This story was originally published by ProPublica.
The U.S. has one agency that regulates cheese pizza and another that oversees pepperoni pizza. Efforts to fix the food safety system have stalled again and again.
For Nancy Donley, the fight for safer food started one agonizing summer night in 1993.
She and her family had hamburgers for dinner, and soon after, her 6-year-old son Alex complained of a stomachache. Within hours, he had curled himself into a ball and was begging his mother for comfort.
The next morning, thinking Alex might have appendicitis, Donley took him to the pediatrician. The doctor sent Alex to the emergency room at a children’s hospital near their home in Chicago.
A toxin was invading the boy’s body. Blood began to flow from Alex’s bowels, and when he became too weak to stand, Donley helped change a stream of soaked diapers. Soon Alex lost neurological control and battled tremors and hallucinations. His kidneys shut down, then his lungs. After Alex suffered a massive seizure, his mother watched as the brain waves on his monitor flatlined. “He was gone,” Donley said.
On July 18, 1993, Alex died of hemolytic uremic syndrome, which can result when bacteria damages the blood vessels.
In Alex’s case, it was caused by a dangerous strain of E. coli known as O157:H7, which originates in livestock feces.
It was the same bacteria that had generated national headlines less than a year before when it killed four children who had eaten Jack in the Box hamburgers. Federal officials had closed their investigation into the “hamburger disease” in February 1993, but the pathogen was still circulating because the country’s turn-of-the-century meat safety laws didn’t outlaw the sale of bacteria-tainted beef.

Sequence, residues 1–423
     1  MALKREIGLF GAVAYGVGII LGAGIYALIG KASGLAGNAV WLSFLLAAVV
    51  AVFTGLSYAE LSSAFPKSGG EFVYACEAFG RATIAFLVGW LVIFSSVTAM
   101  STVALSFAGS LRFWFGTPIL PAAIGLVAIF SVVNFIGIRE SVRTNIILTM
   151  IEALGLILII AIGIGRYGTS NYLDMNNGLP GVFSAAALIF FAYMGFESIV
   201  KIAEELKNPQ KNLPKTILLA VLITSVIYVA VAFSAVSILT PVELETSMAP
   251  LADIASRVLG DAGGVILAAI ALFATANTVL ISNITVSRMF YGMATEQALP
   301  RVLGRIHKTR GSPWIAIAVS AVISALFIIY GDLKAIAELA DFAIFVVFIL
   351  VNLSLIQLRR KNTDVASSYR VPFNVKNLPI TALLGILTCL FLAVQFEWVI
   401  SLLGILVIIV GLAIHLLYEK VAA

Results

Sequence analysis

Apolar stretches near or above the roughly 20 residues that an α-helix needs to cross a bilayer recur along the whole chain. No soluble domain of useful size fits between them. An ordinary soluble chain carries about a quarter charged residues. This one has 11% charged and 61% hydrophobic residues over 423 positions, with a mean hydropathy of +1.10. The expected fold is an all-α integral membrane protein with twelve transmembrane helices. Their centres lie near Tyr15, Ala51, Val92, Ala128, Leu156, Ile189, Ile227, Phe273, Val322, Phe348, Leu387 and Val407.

The children’s deaths captured the attention of policymakers and spawned a fervent push for safer food. Donley, seeking to channel the anger and grief that consumed her, joined the fight. “Alex was very much let down by industry, by government,” she said.
Donley became a prominent national voice for food safety, successfully pushing the U.S. Department of Agriculture to take steps toward modernizing meat inspection and inspiring officials to ban the sale of meat contaminated with the type of E. coli that killed Alex.
These victories in the early years of her advocacy seemed to presage sweeping changes to the country’s food safety system, a maze of 15 agencies operating under nearly three dozen laws, with no single person or entity in charge.
But then one effort at reform after another fell short, leaving Donley deeply frustrated — and leaving the failed regulatory scheme much as it was.
“To say it’s broken suggests that it was working properly before,” said Thomas Gremillion, the director of food policy for the Consumer Federation of America. “We’ve just followed this path and it’s become more and more dysfunctional.”
ProPublica’s recent investigation
into a nearly four-year-old salmonella outbreak found that when an antibiotic-resistant strain took hold of the chicken industry, food safety officials were powerless to stop it from sickening the public.
That outbreak, which continues to this day, was yet another reminder of the shortcomings that for more than 70 years have led consumer advocates like Donley, along with government experts, members of Congress and several presidents, to call for a single food safety agency.
But the idea has stalled again and again, easy to propose but all but impossible to enact. Continue Reading